The Wonders of Traveling Through Hyderabad

Authored By:

Laura J.

I put on my favorite kurta and ate a delicious breakfast of sweet rice, tea with sugar, and coconut chutney with dosas made by my host mom. Grabbing my bag, I casually made my way out the door adorned with Ganesh, listening to the school children across the street play outside before their day started. Feeling the dirt already starting to seep in the cracks of my chacos, I walked through the arched gate of my neighborhood and planted myself on the side of the main road. With a half hour to spare until class, I told myself I wouldn’t be late; I told myself I might even have enough time to stop by the ShopCom and get my favorite guava juice box.

9:01 AM
Are you going to stop? Yes? Nope….ok.”

9:02 AM
“Hey, here comes another. Does that rickshaw look full? Darn, it is.” 9:06 AM “Please stop, please stop, please… ok, dude, just drive right past me! Whatever!”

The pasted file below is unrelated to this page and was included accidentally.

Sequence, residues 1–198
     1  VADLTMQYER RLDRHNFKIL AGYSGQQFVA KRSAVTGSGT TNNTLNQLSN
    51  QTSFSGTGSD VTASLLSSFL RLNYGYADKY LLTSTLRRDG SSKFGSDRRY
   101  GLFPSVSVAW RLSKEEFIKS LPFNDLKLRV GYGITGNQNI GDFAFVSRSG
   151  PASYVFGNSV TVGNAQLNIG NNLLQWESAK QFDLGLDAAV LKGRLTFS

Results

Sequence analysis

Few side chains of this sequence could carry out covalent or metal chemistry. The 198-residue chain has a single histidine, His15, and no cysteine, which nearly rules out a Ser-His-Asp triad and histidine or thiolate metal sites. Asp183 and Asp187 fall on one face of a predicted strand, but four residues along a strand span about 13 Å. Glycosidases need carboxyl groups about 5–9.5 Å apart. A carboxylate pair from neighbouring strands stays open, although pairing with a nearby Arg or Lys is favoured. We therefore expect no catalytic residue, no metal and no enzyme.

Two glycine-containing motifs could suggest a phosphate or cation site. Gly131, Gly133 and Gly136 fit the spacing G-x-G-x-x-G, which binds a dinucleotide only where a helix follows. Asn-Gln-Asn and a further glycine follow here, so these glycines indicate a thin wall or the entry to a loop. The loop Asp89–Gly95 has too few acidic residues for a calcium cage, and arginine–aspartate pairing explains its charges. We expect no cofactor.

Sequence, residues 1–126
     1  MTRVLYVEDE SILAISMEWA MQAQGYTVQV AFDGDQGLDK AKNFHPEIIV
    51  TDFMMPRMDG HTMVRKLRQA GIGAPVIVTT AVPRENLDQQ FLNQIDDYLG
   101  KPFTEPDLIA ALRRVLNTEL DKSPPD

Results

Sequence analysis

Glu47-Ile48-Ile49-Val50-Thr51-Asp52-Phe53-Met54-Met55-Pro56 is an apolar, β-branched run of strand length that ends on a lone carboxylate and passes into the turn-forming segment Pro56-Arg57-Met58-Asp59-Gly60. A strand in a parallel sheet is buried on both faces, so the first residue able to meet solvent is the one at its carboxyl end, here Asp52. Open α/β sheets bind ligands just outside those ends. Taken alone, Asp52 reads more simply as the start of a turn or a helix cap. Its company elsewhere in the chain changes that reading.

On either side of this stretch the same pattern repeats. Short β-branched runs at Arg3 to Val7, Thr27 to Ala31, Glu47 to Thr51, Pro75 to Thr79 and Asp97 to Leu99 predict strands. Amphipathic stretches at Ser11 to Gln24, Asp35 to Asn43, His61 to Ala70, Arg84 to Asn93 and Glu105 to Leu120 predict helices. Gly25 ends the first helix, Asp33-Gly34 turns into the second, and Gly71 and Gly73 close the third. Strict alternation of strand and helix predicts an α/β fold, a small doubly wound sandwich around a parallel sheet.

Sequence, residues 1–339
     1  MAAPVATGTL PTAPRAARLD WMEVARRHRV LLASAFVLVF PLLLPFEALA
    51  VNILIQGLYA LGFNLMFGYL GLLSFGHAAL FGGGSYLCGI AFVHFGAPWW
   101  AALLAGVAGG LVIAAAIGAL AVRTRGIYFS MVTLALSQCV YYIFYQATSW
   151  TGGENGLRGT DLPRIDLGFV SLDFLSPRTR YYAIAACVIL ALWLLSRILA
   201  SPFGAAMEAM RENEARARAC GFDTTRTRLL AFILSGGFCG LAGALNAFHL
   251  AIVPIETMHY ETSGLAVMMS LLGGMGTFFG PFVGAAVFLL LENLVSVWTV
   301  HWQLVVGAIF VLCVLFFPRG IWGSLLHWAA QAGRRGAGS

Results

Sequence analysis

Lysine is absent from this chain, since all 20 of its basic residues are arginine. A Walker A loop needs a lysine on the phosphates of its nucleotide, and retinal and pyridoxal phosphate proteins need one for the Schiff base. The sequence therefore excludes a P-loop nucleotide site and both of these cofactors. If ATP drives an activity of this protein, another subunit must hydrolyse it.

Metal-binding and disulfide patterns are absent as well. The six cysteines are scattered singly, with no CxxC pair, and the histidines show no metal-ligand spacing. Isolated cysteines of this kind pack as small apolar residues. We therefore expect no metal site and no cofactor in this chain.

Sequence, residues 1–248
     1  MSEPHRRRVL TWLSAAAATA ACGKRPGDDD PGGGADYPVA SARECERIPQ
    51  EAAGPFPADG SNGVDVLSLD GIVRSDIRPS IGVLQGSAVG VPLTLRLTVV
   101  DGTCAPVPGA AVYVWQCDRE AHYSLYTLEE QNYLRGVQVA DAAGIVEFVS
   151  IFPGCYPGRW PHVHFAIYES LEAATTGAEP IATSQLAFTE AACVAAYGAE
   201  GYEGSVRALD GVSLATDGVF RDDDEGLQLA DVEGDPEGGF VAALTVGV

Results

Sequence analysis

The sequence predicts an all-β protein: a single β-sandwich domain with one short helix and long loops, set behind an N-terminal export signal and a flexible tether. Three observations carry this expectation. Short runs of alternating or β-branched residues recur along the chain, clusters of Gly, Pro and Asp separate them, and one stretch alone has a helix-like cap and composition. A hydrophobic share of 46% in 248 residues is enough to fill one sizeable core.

9:11 AM
“I’m going to be so darn late.”

Public transportation in India: a service that is likely to cause a blip in your day; a service that will undoubtedly give you potty mouth; and a service that I am slowly learning to adjust to.

The concept of public transportation is new to me entirely, as I have never before taken buses, trains, taxis, etc. back home. The idea of waving a vehicle down, hoping the driver stops and the seats aren’t full, asking which direction the driver is going (Gachibowli? Lingampally?), bartering a price for the ride (10 rupees, sir!), and screaming for the driver to stop over all of the honking and traffic (stop, here!), is like running a marathon for the first time without any previous training or warming up and stretching your arms and legs before the big race; you think it will be fine, but in reality you end up on bed rest for the next two days. These are the feelings I had traveling by rickshaw the first few times; I started out semi-confident, but then I was stressed, annoyed, and finally, just exhausted.

With over a month under my belt of using public transportation in India, though, I’m finally starting to learn the ropes. I’ve ran so many marathons that I barely even have to stretch my loose muscles anymore!

Learning to adjust to a new concept in a new culture and society is a process, but one that will teach you a lot about yourself and will ultimately be something, at least for the sake of public transportation, that turns into second-hand nature.